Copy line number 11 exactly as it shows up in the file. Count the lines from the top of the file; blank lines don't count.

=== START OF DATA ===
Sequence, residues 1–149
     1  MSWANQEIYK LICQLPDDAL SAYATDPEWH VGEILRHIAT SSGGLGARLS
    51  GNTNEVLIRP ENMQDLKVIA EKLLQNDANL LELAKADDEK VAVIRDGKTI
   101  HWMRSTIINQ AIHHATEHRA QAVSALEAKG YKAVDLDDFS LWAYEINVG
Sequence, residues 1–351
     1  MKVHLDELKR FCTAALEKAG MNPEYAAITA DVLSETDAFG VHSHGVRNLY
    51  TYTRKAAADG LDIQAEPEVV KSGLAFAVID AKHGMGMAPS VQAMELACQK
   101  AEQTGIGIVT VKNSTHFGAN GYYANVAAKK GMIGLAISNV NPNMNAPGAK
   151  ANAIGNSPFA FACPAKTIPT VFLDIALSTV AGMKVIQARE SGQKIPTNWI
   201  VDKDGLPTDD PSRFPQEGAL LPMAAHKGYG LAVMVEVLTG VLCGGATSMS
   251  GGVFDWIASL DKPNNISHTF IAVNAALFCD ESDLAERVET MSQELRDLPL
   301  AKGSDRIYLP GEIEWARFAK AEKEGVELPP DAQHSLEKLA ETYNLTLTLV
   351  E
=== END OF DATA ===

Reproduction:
   251  GGVFDWIASL DKPNNISHTF IAVNAALFCD ESDLAERVET MSQELRDLPL